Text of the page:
A Co Down man shot at his home in a suspected loyalist paramilitary attack more than 20 years ago is taking High Court action against the police for allegedly never carrying out an effective investigation.
Peter Johnston claims a violation of human rights by an ongoing failure to properly probe what he believes was an attempt to murder him.
Amid suggestions that a state agent may have known about the attack, he has secured a date for his legal bid to judicially review the PSNI.
Mr Johnston was targeted in a random attack at his home in Newtownards in October 2000, according to his lawyers.
Four men wearing balaclavas entered the property, shooting him twice in the legs in front of his partner.
They also allegedly attempted to shoot him in the back, only for the gun to jam.
No-one has ever been charged in connection with the shooting.
Mr Johnston claims initial RUC inquiries were shut down without any proper explanation or reasoning.
Since then the PSNI has failed to provide an effective investigation into the shooting, as required by the 1998 Human Rights Act, his lawyers contend.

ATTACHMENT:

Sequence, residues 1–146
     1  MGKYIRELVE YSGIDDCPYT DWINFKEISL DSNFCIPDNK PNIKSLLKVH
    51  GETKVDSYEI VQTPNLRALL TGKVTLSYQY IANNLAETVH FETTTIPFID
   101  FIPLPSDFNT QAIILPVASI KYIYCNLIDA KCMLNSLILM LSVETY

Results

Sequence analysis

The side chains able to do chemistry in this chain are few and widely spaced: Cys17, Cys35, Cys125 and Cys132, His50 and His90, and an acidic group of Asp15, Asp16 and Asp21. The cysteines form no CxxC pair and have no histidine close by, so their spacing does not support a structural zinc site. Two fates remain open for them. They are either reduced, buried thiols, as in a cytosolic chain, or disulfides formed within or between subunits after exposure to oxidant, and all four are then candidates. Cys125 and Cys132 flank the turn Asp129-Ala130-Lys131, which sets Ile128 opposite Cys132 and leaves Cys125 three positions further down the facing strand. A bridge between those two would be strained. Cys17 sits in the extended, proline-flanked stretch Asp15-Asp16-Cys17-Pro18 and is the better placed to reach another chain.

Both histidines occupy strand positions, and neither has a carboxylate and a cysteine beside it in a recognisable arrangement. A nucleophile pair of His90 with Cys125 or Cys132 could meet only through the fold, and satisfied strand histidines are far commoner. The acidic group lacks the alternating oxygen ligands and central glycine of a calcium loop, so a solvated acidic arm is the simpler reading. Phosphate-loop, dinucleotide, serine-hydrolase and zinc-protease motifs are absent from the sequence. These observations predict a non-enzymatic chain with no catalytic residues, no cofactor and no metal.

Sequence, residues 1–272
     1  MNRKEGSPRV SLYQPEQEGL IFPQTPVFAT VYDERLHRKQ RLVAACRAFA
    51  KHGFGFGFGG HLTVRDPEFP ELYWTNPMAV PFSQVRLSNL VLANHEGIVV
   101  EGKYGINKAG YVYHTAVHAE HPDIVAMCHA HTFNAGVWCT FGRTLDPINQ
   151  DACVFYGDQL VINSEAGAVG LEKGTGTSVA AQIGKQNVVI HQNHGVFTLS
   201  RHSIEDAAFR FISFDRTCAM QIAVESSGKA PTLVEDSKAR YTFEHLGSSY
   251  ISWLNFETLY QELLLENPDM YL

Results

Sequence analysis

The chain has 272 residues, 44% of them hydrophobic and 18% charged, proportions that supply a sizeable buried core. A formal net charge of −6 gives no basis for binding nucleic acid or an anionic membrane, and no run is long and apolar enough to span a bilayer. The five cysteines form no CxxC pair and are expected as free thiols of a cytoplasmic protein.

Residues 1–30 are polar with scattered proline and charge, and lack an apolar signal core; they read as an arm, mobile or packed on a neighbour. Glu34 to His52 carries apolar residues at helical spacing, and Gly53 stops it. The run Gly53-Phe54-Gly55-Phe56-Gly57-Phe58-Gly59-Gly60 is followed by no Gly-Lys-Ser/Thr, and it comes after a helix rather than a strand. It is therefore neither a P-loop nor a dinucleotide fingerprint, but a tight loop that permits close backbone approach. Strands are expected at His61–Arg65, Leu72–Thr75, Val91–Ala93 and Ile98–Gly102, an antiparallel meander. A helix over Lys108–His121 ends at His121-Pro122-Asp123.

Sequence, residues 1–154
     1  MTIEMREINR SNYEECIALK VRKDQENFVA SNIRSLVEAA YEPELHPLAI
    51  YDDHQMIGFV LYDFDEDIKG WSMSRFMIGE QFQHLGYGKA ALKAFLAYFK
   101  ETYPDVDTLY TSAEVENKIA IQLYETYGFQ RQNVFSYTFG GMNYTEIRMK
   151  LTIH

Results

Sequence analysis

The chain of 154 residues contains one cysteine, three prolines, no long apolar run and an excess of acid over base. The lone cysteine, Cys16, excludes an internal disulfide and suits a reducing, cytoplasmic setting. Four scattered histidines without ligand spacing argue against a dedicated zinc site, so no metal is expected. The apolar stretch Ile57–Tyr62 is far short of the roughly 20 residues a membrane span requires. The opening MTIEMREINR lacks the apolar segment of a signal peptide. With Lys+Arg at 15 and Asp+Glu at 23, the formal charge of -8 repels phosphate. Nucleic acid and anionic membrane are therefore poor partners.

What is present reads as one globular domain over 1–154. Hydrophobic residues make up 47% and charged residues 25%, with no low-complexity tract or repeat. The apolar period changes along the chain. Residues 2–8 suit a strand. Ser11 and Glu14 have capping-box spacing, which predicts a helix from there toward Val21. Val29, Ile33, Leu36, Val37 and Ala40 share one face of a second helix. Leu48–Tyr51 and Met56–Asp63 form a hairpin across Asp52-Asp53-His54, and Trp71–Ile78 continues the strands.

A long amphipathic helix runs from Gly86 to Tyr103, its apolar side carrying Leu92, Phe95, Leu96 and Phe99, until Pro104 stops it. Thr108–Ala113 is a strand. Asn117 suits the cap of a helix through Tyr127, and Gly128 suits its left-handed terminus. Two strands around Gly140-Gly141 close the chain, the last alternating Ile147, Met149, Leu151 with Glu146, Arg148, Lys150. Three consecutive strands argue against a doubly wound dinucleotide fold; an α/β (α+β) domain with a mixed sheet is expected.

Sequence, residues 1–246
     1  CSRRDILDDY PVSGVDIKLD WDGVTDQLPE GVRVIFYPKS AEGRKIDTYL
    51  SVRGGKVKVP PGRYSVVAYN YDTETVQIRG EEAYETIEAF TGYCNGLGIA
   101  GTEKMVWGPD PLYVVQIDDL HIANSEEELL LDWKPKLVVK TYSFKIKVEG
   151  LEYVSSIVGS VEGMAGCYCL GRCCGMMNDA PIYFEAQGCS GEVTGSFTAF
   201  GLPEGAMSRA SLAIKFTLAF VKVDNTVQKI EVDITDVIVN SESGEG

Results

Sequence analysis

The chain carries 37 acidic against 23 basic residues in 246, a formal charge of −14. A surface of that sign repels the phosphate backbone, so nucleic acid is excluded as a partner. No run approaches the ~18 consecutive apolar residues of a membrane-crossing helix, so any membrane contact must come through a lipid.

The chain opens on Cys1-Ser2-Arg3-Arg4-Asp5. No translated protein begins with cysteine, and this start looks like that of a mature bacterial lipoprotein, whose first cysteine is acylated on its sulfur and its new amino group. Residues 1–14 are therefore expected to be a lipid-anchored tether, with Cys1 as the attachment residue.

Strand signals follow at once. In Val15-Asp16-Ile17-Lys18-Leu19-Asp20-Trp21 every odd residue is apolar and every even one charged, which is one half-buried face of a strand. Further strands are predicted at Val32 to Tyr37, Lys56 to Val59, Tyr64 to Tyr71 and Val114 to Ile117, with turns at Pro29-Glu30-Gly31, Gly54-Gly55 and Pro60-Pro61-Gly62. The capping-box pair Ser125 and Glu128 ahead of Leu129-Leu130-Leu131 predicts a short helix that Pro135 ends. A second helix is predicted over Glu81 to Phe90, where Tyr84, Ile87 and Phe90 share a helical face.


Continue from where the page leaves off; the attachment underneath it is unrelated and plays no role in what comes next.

Papers submitted as part of the challenge state: “The original RUC investigation in 2000 failed to ascertain the involvement or non-involvement of loyalist paramilitaries.
“Such a failure is inexplicable in the specific circumstances of the shooting of the applicant and given the presumed presence of state agents/informers in such organisations at the relevant time.”
Mr Johnston’s application for leave to seek a judicial review against the Chief Constable has now been listed for hearing in September.
Outside court his solicitor, Owen Beattie of KRW Law, said: “We contend that this case will have wider implications as to how police investigations have been conducted into serious crimes post 1998.
“We welcome the listing of this challenge and look forward to a hearing later this year”.